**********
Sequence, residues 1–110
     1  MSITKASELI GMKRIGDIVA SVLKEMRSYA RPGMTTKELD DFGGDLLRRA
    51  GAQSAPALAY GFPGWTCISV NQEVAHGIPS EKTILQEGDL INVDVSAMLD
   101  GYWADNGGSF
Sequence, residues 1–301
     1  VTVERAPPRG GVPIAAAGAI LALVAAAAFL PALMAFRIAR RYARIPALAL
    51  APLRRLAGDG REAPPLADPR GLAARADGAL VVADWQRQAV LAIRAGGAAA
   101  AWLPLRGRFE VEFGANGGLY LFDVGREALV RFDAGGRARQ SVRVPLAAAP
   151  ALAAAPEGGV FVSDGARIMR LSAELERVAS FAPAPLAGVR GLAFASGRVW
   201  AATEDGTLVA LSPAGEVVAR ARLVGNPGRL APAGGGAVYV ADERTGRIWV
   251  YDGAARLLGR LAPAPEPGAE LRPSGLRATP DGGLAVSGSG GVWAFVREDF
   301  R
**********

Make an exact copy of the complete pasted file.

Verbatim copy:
Sequence, residues 1–110
     1  MSITKASELI GMKRIGDIVA SVLKEMRSYA RPGMTTKELD DFGGDLLRRA
    51  GAQSAPALAY GFPGWTCISV NQEVAHGIPS EKTILQEGDL INVDVSAMLD
   101  GYWADNGGSF
Sequence, residues 1–301
     1  VTVERAPPRG GVPIAAAGAI LALVAAAAFL PALMAFRIAR RYARIPALAL
    51  APLRRLAGDG REAPPLADPR GLAARADGAL VVADWQRQAV LAIRAGGAAA
   101  AWLPLRGRFE VEFGANGGLY LFDVGREALV RFDAGGRARQ SVRVPLAAAP
   151  ALAAAPEGGV FVSDGARIMR LSAELERVAS FAPAPLAGVR GLAFASGRVW
   201  AATEDGTLVA LSPAGEVVAR ARLVGNPGRL APAGGGAVYV ADERTGRIWV
   251  YDGAARLLGR LAPAPEPGAE LRPSGLRATP DGGLAVSGSG GVWAFVREDF
   301  R